RESUMEN

Objetivo:

determinar el consumo de alcohol, tabaco, hábitos alimenticios y actividad física entre los estudiantes de enfermería y detectar si ser estudiante de enfermería es un factor protector contra estos hábitos.

Método:

se utilizó un cuestionario para recopilar información sobre la edad, el año académico, el sexo, el consumo de alcohol y tabaco, la actividad física y la alimentación saludable. Se presentó una hoja de información y un formulario de consentimiento informado. La muestra estaba compuesta por 264 estudiantes que tenían entre 18 y 30 años, a partir de cuatro años académicos.

Resultados:

del total de la muestra, el 15,5% fumaba, el 83,7% consumía bebidas alcohólicas y el 97,2% consumía alcohol durante el fin de semana. El total del 68,6% no practica ejercicio físico y el 70,5% necesita cambios en su dieta.

Conclusión:

los estudiantes de enfermería tienen altos niveles de consumo de alcohol y bajos niveles de tabaquismo en comparación con otros estudios. A mayor curso académico, menor será la edad de inicio del consumo de tabaco. El número de hombres que practican actividad física fue mayor, lo que es considerado un factor protector contra el consumo de alcohol y tabaco y está relacionado con una dieta saludable. Fumar influye negativamente en la dieta. Los estudiantes necesitaban cambiar sus dietas. Por último, ser estudiante de enfermería no es considerado un factor protector contra el consumo de alcohol y tabaco, ni para que se tenga buenos hábitos alimenticios ni para que se practique actividad física.

Descriptores: Alcohol; Tabaco; Hábitos Alimenticios; Actividad Física; Estudiantes Universitarios; Enfermería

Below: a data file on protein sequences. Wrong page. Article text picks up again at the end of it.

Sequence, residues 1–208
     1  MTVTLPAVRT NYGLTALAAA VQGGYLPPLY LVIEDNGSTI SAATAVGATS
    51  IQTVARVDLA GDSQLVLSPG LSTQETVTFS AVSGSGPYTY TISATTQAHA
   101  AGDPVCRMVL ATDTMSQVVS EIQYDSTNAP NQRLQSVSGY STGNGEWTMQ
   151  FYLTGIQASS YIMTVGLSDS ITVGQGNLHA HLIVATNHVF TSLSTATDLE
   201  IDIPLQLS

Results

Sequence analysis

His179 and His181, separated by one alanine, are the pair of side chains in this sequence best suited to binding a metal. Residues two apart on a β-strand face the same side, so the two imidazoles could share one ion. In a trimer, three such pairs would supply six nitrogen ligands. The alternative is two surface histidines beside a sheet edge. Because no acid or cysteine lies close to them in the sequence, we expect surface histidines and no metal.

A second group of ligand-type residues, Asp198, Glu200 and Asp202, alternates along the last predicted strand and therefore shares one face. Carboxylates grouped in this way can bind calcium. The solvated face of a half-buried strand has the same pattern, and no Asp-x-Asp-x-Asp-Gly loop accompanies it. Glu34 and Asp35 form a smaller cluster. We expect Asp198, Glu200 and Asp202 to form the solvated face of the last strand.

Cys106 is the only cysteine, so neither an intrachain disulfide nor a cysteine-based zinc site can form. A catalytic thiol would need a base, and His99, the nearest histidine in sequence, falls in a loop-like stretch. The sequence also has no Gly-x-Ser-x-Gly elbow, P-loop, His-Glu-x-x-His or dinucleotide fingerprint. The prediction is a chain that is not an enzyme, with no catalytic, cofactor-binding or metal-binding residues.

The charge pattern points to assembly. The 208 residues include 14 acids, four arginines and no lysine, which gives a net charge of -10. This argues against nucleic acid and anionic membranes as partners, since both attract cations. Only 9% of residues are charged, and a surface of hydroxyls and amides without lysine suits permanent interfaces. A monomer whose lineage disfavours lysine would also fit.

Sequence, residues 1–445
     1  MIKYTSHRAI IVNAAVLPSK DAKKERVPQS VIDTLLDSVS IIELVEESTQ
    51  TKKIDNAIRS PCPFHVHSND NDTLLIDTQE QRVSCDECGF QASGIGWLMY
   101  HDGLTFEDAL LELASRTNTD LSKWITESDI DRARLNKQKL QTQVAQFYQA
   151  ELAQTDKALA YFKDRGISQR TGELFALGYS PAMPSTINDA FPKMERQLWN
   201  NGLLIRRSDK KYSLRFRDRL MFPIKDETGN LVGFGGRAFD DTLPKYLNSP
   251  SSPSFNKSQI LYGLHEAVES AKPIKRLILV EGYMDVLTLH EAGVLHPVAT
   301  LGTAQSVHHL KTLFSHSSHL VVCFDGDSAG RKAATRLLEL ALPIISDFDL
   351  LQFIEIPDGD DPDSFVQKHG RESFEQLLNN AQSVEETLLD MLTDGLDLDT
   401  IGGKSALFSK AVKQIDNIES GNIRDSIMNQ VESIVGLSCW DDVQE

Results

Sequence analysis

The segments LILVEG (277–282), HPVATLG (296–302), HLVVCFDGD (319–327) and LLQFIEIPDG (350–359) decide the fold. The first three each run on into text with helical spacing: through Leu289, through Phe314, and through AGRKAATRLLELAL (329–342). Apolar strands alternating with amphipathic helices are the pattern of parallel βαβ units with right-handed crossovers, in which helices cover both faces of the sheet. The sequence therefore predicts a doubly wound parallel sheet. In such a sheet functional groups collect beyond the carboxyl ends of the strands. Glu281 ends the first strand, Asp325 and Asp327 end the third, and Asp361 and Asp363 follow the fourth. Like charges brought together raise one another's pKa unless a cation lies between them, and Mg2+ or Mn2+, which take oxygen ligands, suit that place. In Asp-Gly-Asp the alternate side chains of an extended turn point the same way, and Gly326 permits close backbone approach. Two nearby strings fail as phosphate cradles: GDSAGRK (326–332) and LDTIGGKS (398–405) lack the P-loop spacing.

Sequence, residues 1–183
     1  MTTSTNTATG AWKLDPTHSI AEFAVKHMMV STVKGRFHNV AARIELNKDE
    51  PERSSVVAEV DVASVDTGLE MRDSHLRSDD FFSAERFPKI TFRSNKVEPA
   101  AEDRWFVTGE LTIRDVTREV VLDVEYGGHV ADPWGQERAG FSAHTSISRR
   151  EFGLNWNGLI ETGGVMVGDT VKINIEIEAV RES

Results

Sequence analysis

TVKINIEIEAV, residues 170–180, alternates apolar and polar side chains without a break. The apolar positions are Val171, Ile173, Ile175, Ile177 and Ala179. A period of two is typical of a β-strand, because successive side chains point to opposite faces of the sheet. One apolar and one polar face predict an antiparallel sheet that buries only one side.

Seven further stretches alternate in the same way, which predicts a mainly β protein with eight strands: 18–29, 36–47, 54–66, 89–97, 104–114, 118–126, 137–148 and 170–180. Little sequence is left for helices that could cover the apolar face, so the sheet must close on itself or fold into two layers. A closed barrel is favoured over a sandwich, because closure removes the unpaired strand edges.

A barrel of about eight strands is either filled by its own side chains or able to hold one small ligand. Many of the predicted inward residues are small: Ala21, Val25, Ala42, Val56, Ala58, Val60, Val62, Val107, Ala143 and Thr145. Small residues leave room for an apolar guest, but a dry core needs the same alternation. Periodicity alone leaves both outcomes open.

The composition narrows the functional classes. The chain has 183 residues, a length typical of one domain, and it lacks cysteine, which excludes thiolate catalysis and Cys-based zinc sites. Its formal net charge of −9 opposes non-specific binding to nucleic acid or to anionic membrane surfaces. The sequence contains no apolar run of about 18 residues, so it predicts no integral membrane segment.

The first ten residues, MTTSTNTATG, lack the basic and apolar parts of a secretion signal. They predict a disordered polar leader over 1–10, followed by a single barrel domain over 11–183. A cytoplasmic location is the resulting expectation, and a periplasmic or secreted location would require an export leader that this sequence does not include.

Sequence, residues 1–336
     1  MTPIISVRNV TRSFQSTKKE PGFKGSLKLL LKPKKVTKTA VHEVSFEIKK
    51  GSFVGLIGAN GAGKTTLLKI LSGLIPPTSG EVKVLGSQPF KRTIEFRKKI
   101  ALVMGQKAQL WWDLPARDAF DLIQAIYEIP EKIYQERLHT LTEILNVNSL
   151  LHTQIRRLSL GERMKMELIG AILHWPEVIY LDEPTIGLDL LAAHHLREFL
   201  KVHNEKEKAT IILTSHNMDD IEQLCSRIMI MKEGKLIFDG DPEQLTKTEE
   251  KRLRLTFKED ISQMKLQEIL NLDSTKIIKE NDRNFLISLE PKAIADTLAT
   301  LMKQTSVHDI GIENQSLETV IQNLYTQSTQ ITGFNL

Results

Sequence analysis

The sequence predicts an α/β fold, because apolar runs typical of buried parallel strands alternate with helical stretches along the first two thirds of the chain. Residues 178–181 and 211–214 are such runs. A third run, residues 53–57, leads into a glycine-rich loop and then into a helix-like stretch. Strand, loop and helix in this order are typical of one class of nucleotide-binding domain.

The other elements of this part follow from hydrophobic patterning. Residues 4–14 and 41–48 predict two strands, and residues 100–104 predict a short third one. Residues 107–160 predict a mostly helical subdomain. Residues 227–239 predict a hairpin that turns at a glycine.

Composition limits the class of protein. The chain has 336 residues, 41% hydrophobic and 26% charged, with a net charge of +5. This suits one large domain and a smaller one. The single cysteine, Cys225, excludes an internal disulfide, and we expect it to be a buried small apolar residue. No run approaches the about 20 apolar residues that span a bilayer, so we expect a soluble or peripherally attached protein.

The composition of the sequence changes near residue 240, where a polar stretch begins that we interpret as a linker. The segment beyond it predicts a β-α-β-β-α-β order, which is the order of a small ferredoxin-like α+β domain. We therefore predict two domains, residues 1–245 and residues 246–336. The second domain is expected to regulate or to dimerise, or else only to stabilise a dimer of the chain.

Introduction

Drugs are psychoactive substances that affects perception, mood, consciousness, and behavior(1). Drugs with the highest prevalence of consumption in the general population are consumed at high levels by young people aged between 14 and 18 years. As of 2013, the most consumed drugs were alcohol and tobacco (78% and 41%, respectively), followed by cannabis (9%)(2). In Spain, alcoholic beverages are the most consumed psychoactive substances among people aged between 15 and 64 years(2). In addition, alcohol consumption has an important relationship with mortality and disease in Spain(3).

In general, health science students are more exposed to information about the risk factors associated with health(4). Most nursing students are young and will become future health professionals, and several factors relate both protection and risk in terms of alcohol consumption(5). The Spanish Observatory on Drugs and Drug Addictions(2) conducted a Survey on Drugs and Alcohol in Spain (EDADES). According to the results, of the people aged between 15 and 64 years, 73% had ever consumed tobacco, 41% had used it in the last year, 38% had used it in the last month, and 31% use it daily.

University students have a high rate of tobacco consumption, which often begins in adolescence and is strengthened at university(6). Also, they are a vulnerable group regarding nutrition. The college period is when most students assume responsibility for their diets for the first time(7). There is an association between nutrition and the consumption of psychoactive substances. Alcohol, for instance, inhibits food intake, while cannabis stimulates it. The consumption of psychoactive substances generates calcium deficiency(8). The impact of alcohol consumption on the nutritional status can turn into primary and secondary malnutrition. Furthermore, alcohol interferes with the absorption of nutrients in the small intestine(8).

According to the World Health Organization(9), physical inactivity is the fourth leading risk factor for mortality in the world. Exercise is related to behaviors that enhance health and to a more positive self-perception(10). Its absence is related to the consumption of tobacco, alcohol, and other drugs.

We believe no recent studies on nursing students address their academic training acts as a protective factor against tobacco and alcohol consumption, or having good eating habits and exercising. For this reason, it is worthy investigating if health knowledge affects these different habits.